Tuesday, May 26, 2009

Howards End

To read or reread...

“Are you reading that again?”

“Me? Again? Of course again! It’s THE classic of 1910 - a literary analysis of socioeconomic changes, class, and the family. Or something! We could write a course about it and humanize MBAs.”

I was talking about one of my many, MANY favorite books, Howards End.

Give those business people culture: a little art, a little soul. Howards End, Aretha, and R. Crumb. Require those potentially double-dealing business types to study liberal arts before loosing them on the MBA community. I’m sure some accountants and stockbrokers would rather read Howards End than study spreadsheets (or embezzling) or whatever it is they do. All those Wilcoxes to identify with and defend - or be appalled by. This could be their top ethics course book, along with, err, perhaps an abridged version of Bonfire of the Vanities . And Babbitt, The Jungle, Death of a Salesman, and An American Tragedy might round out the literature course.

When a friend said E. M. Forster was slow, I had the vapors. Or not the vapors. Margaret Schlegel, the heroine of Howards End, would never have vapors.

Howards End isn’t really a business novel. It is a novel about houses and changing class. It is the story of what happens in an age of increased mobility, with the advent of motorcars and expansion of railways, as people swarmed into London and others expanded into suburbs. People who have lived their whole lives in one house began to move. And many of the urban problems are the same ones we have today.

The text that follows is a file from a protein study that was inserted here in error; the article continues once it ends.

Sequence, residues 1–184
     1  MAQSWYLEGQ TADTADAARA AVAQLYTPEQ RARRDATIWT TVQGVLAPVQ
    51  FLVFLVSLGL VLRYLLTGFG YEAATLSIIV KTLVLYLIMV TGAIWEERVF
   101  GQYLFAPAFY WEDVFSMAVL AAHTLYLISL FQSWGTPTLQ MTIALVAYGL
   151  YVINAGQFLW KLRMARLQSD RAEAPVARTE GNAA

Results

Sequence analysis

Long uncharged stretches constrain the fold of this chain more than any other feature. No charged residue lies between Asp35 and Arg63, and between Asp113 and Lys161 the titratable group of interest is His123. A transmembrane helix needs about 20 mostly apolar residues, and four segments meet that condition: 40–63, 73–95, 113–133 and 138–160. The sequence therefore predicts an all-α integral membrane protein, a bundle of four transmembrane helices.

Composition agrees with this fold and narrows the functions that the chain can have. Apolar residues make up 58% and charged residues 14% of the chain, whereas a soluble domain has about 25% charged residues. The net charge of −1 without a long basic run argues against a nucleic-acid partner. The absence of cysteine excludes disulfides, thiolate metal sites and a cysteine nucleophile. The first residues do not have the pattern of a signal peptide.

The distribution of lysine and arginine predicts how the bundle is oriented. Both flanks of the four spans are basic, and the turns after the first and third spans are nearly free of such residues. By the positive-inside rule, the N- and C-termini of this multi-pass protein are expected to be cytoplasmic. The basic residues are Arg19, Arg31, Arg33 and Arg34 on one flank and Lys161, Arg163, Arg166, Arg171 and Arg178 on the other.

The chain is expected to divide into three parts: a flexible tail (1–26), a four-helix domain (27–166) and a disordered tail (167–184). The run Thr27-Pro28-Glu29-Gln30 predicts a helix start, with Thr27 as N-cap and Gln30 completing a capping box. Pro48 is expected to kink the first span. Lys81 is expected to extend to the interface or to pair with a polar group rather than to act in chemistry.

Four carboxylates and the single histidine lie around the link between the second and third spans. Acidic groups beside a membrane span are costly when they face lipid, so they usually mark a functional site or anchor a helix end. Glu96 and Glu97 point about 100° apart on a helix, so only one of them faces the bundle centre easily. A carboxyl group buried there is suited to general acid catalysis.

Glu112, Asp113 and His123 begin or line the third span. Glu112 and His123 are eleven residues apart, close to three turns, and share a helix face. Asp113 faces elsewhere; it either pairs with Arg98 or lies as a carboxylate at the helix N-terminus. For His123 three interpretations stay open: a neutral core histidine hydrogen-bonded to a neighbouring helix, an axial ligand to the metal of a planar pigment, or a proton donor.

The cultured half-English, half-German Schlegel family must change their way of life as the lease of their house expires and they must decide where to live. The heroine, Margaret, a sensible, sometimes whimsical, tolerant woman in her late twenties holds the family together, encouraging her younger sister, Helen, a beautiful, lively, passionate radical, to travel and study, and indulging their younger brother, Tibby, a self-absorbed scholar with hay fever who doesn’t care much for people. The novel centers on their encounters with people of other classes: the Wilcoxes, successful businessmen who live on the surface and mistrust intellectualism; and their patronage of/friendship with Leonard Bast, a lower-class clerk who passionately wants to better himself through literature and music. They meet Leonard at a concert, and when Helen absent-mindedly walks off with his umbrella , Margaret convinces him that it was not a deliberate theft. Through a series of coincidences, Leonard comes back into their lives later, and is ruined after the Schlegels pass on Henry Wilcox's advice to leave the insurance company where he has been employed. Leonard and his wife, a former prostitute, go hungry. And when Helen tries to take responsibility, the tragedy deepens.

Howards End is an old English country house, where Mrs. Wilcox, Margaret's friend, has lived her whole life. After her death, this house becomes the fulcrum for a meeting of the characters of three classes: the Wilcoxes, the Schlegels, and the Basts.

It's a fabulous book, which explores many themes: work, marriage, and feminism among them.